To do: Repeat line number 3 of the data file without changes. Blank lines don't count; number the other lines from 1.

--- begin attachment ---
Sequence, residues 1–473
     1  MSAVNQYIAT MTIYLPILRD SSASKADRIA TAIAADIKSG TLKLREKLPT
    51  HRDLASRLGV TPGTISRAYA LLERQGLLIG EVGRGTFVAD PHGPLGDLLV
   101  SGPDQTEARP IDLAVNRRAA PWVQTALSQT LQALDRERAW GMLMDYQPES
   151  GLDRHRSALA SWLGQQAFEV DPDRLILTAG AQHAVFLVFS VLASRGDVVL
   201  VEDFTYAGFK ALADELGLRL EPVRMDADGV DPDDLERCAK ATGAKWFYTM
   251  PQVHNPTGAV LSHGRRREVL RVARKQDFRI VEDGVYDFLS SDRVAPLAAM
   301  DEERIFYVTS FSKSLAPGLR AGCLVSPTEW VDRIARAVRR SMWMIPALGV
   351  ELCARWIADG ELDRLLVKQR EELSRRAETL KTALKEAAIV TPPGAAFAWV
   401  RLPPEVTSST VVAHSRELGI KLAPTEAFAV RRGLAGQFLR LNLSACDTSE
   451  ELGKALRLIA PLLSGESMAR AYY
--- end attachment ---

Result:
    51  HRDLASRLGV TPGTISRAYA LLERQGLLIG EVGRGTFVAD PHGPLGDLLV